And I quote: “…my muscles were ready to be sore.” I am currently eating my words.
Sunday’s run + strength workout was followed by an indoor run on Monday. With the bitter cold weather, I opted to move my run to the indoor track at the rec center. Monday was MLK day (no classes), so I started off my day with a surge of productivity: laundry, homework, reading, reading, and more homework before driving to the rec center at 4pm. My legs were a bit sore from Sunday’s lunges, so I warmed up with a leisurely mile around the indoor track and for some reason felt awesome. I ran three more at an unexpected tempo pace (8:00, 7:45, 7:28) before cooling down with a 5th mile. I finished up the hour on the AMT and pushed it kind of hard because I was pumped up from my run.
For the rest of the evening, my legs were dead tired. I decided to skip my workout the next morning (Tuesday) in anticipation of being sore. Honestly, “Tuesday Restday” took a little bit of convincing because I don’t like to have two rest days in a row, and Wednesday is always Restday Wednesday. Nonetheless, I took today off and waddled around on my sore legs. Tomorrow will either be the third installation of Restday Wednesday, or I’ll try to squeeze in something easy after clinic (90% sure it will be the former).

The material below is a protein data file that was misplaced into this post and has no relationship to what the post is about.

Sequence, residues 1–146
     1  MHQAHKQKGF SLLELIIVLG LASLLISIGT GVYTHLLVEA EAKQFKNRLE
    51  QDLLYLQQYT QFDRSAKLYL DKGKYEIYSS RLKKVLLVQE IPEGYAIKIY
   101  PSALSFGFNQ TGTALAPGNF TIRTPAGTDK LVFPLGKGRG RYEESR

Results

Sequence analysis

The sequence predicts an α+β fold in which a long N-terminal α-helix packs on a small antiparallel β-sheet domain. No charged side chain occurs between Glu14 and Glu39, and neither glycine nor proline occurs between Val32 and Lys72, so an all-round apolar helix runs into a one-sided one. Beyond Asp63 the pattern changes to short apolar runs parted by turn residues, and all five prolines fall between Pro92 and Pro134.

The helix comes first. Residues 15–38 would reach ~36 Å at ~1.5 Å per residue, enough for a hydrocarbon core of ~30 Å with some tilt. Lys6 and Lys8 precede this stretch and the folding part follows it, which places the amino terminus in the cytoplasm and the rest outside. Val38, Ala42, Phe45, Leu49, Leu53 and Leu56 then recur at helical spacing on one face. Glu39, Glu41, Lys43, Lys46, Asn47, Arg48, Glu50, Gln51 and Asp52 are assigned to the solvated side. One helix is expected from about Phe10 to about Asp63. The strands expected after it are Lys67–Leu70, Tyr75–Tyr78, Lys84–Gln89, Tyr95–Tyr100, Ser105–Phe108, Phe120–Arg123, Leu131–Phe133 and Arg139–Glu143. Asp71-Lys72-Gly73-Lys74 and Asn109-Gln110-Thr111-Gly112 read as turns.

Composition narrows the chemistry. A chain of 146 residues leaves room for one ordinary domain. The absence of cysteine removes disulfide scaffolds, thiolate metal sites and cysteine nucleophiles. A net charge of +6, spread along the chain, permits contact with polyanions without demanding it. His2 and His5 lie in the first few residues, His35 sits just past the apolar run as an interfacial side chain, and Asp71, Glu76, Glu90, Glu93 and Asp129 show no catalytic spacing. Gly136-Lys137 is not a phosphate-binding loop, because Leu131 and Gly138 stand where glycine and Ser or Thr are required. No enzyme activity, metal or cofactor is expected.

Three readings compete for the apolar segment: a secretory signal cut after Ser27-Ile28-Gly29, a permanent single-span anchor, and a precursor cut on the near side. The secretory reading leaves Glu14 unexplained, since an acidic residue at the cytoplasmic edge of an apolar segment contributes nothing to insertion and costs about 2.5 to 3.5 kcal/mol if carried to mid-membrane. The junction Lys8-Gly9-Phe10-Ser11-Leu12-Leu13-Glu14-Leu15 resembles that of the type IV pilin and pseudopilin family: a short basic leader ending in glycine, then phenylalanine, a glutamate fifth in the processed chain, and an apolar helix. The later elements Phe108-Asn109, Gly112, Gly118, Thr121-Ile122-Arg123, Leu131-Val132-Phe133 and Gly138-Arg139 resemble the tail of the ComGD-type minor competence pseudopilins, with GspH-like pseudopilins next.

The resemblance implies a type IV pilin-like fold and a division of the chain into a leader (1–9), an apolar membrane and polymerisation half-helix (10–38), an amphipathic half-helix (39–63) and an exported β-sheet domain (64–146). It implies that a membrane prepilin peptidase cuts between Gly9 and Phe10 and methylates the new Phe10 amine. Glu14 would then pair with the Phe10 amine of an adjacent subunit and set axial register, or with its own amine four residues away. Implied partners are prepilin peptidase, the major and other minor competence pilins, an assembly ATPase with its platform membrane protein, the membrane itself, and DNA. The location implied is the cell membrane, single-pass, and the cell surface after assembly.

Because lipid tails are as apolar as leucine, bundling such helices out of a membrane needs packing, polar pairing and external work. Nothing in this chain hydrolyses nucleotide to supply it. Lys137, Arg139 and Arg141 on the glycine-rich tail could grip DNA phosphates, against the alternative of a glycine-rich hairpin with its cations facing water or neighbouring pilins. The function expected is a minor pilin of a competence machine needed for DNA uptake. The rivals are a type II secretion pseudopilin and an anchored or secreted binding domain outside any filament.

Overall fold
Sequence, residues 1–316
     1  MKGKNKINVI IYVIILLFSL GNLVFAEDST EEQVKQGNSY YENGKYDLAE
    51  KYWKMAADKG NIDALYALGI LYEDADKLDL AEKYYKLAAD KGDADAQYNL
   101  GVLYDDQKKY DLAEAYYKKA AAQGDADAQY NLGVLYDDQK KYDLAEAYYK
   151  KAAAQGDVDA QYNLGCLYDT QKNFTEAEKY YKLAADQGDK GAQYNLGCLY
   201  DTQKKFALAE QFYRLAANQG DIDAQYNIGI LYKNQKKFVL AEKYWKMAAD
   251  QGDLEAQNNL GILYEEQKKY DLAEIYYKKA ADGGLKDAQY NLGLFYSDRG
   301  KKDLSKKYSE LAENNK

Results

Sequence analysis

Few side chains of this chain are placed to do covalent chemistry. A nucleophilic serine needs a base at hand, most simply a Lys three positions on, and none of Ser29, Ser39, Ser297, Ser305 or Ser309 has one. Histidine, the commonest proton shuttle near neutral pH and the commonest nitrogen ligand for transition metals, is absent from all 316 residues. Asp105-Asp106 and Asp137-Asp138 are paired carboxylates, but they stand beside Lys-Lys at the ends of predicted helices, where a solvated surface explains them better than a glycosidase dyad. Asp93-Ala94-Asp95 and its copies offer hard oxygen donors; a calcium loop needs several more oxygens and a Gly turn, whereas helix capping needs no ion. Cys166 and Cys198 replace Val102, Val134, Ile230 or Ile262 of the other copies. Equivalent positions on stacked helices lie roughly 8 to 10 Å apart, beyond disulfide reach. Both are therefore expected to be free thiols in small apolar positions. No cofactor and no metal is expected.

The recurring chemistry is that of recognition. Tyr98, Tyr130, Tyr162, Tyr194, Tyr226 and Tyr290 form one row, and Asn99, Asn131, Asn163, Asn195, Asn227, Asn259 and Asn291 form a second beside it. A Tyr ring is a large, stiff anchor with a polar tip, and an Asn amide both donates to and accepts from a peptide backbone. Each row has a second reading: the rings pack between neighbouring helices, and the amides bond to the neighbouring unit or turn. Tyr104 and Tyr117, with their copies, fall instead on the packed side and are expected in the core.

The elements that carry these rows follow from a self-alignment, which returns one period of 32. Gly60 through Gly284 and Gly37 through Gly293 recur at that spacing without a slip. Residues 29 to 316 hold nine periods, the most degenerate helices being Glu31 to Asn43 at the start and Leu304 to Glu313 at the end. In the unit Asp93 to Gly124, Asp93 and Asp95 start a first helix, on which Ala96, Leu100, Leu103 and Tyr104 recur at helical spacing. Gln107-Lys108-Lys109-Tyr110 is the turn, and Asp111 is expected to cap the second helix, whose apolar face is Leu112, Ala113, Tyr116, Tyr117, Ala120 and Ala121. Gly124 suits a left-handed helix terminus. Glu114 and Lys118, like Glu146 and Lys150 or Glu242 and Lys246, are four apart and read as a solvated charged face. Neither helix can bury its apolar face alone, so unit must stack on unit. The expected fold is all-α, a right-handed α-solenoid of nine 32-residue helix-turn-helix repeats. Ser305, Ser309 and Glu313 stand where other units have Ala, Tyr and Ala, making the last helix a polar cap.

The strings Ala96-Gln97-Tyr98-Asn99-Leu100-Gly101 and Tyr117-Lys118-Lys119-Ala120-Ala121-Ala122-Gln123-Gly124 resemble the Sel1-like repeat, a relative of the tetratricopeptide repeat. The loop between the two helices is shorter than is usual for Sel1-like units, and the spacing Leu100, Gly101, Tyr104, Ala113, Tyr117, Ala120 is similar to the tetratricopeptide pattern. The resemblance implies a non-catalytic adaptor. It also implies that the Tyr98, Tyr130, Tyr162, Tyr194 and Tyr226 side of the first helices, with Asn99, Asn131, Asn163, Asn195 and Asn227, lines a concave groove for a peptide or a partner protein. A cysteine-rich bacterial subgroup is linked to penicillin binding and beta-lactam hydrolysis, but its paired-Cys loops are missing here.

The four of us made our first ear impressions! The pink blob in the baggie is an ear impression, which is what the clinic sends to a manufacturer if a patient needs custom hearing aids, an earmold, or custom earplugs. Custom hearing aids sit inside of the ear and are classified further by size: ITE (in-the-ear), ITC (in-the-canal), and CIC (completely-in-the-canal). BTE (behind-the-ear) hearing aids stay behind the ear, but the sound travels through an earmold located in the ear.
Since all ears are different, ear impressions need to be taken to make the perfect fit for each patient. To take an ear impression, the audiologist inserts an “oto block” or small piece of foam/cotton on a string deep into the ear canal and then fills the ear canal with a putty via syringe. It is one of the most invasive procedures done by audiologists, so we were all a little apprehensive to begin. Thankfully, everything went well.